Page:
Image: The cover of Black Power, Jewish Politics and photo of author Marc Dollinger.
You may think, “I know what that book is about,” when you see the cover of Black Power, Jewish Politics: Reinventing the Alliance in the 1960’s. Certainly that was my first thought.
I had been taught that American Jews reached out to assist the Black community in securing more civil rights, and for a while, all was good: we marched together, we accomplished a great deal. Then came the Black Power Movement, and things began to fall apart. Black anti-Semitism pushed the two communities apart. Farrakhan and other figures vilified the Jews. Today there have been many missed connections and misunderstandings around Black Lives Matter and the Women’s March with “intersectionality” as the villain. It is all very sad.
The paragraph above is the received wisdom among many liberal Jews. I certainly had not questioned it. Turns out, I didn’t know much. Black Power, Jewish Politics tells a story that is much more interesting, complex and uncomfortable than that.
Historian Marc Dollinger of San Francisco State University tackles the subject of Black-Jewish relations in the 1960’s with energy and curiosity. He explains the origins of the received narratives in play, and holds them up against the time line of events in the 1960’s and 1970’s. There were indeed Jewish activists who risked life and limb in the Civil Rights Movement, but the vast majority of American Jews were not actively involved in it, and in fact got very nervous any time local African Americans began acting as if they were truly equal. Rabbis who got actively involved in the Civil Rights Movement did so at much more risk of losing their jobs than of losing their lives.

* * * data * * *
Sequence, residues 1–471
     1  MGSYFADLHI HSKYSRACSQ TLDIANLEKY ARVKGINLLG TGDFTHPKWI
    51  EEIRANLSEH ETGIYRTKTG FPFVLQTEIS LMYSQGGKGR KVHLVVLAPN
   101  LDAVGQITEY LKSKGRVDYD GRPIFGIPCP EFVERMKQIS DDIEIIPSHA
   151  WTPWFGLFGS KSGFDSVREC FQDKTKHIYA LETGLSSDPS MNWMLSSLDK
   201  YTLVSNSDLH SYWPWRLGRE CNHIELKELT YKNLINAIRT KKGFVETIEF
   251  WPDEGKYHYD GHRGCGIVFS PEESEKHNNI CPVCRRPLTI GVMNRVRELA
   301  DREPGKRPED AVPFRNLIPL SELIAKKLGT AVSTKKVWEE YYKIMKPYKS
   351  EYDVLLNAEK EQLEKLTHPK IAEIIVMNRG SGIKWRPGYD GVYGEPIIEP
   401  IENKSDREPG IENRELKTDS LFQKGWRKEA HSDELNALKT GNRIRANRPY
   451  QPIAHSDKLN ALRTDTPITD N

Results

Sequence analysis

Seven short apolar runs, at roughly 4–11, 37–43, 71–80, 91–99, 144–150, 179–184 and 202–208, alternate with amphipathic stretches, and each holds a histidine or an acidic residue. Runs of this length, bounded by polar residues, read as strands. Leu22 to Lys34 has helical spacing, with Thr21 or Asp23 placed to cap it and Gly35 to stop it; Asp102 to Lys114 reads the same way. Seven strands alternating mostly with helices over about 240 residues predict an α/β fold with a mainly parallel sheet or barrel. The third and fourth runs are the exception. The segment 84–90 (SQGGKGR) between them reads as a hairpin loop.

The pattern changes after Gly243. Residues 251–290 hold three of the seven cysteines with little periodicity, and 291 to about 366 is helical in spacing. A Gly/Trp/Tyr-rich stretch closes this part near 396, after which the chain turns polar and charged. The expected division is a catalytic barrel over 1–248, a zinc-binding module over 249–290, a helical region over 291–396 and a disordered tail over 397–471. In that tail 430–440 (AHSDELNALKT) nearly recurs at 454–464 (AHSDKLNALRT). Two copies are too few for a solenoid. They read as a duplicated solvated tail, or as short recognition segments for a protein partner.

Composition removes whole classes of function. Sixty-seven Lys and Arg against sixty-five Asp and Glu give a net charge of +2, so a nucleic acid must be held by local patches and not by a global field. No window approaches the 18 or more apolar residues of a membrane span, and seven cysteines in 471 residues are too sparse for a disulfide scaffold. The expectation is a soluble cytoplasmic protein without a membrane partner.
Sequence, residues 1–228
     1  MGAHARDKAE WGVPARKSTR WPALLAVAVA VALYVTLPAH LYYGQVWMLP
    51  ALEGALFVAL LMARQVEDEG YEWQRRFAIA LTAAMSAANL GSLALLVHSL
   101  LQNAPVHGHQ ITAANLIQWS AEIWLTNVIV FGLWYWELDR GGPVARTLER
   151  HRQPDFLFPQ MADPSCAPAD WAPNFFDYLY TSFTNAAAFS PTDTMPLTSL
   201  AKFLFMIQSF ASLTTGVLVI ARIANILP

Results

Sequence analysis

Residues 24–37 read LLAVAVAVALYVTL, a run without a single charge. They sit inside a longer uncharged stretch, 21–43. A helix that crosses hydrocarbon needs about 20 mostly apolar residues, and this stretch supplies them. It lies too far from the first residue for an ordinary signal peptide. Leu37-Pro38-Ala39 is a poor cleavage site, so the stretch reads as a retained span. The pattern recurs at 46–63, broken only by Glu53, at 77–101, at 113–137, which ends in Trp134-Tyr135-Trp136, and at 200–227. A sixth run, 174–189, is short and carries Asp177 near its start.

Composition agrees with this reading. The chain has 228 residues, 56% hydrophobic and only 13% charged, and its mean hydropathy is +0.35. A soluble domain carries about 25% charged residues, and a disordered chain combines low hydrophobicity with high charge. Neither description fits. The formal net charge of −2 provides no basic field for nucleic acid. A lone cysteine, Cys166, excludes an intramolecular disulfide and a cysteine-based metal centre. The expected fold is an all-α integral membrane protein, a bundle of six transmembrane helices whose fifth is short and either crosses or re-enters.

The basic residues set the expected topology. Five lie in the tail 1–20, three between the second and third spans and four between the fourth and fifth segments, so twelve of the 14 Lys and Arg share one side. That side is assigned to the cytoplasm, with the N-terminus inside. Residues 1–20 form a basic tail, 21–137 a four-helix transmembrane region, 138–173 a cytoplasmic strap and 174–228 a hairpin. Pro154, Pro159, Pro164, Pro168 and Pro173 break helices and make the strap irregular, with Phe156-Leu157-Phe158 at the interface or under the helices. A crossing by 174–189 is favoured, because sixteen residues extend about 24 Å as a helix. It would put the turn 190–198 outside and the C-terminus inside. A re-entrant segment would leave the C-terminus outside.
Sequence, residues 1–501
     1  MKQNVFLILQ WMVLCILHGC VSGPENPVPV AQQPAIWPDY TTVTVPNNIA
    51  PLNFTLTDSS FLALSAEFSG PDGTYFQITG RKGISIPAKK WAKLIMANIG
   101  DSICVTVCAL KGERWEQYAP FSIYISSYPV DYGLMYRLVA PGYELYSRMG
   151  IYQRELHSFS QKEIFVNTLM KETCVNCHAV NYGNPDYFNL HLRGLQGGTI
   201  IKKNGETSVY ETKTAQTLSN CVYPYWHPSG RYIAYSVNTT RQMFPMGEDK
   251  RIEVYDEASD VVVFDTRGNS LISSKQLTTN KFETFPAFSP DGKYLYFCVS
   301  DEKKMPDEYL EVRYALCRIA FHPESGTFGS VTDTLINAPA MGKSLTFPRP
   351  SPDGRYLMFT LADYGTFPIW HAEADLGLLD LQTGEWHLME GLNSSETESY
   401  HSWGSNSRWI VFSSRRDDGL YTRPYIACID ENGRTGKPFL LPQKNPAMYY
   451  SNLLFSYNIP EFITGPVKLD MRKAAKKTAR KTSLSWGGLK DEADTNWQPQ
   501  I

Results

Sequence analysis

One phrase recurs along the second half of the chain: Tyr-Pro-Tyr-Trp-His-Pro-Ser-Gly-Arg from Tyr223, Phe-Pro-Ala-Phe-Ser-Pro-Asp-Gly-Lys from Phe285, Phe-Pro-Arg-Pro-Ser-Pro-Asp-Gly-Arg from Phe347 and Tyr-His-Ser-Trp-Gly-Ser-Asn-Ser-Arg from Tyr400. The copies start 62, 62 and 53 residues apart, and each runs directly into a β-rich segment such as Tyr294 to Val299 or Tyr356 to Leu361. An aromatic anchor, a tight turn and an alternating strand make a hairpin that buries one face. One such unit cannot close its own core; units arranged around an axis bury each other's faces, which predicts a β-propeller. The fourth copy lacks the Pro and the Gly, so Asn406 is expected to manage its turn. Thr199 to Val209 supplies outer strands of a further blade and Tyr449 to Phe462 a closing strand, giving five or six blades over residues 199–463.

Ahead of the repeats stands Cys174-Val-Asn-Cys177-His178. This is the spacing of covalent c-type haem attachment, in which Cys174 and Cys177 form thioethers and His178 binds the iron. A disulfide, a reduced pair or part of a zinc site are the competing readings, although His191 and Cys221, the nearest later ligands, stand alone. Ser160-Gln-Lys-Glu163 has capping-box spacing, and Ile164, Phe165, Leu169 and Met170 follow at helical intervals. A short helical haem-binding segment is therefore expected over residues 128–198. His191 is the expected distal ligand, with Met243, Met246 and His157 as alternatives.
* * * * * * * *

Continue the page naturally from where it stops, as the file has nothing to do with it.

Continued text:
And as for the Black Power movement, that’s a much more interesting story as well. There was a rich interplay of ideas between the Black Power movement leaders and Jewish American leaders, as the Jews began to take inspiration from the Black Power leaders and cultivate their own ethnic national movements, including the popularization of widespread American Jewish Zionism.
By far the most provocative part of the book is in the Epilogue, in which Dr. Dollinger observes the current scene: the Jewish-African-American conflicts over Black Lives Matter, the Women’s March, and intersectionality. At a time when conversations are breaking down right and left, I see his effort to check out the old narratives as a hopeful first step in reigniting authentic dialogue.
I attended a book launch event at which Dr. Dollinger presented his book along with a dialogue with Ilana Kaufman, the Director of the Jews of Color Field Building Initiative, a national effort focused on building and advancing the professional, organizational and communal field for Jews of Color. Ms. Kaufman pointed out that one serious limitation of Dr. Dollinger’s thesis is that he does not account for the fact that “Jews” and “African Americans” are in fact not separate categories of people. Jews of Color straddle the borderline between these two populations, legitimate members of both, but largely ignored by the Jewish community.
Dr. Dollinger observed that the next generation of discussion on this topic is already in motion, and Ms. Kaufman is one of the Jewish leaders carrying it forward. Onward!
I recommend this book heartily, and hope that some of my readers will give it a look. Clinging to self-congratulatory fairy tales does not serve us well. If we want to progress, we must continue to pursue the facts where they take us.
Full Disclosure: I serve on a non-profit board with Dr. Marc Dollinger, and consider him a friend.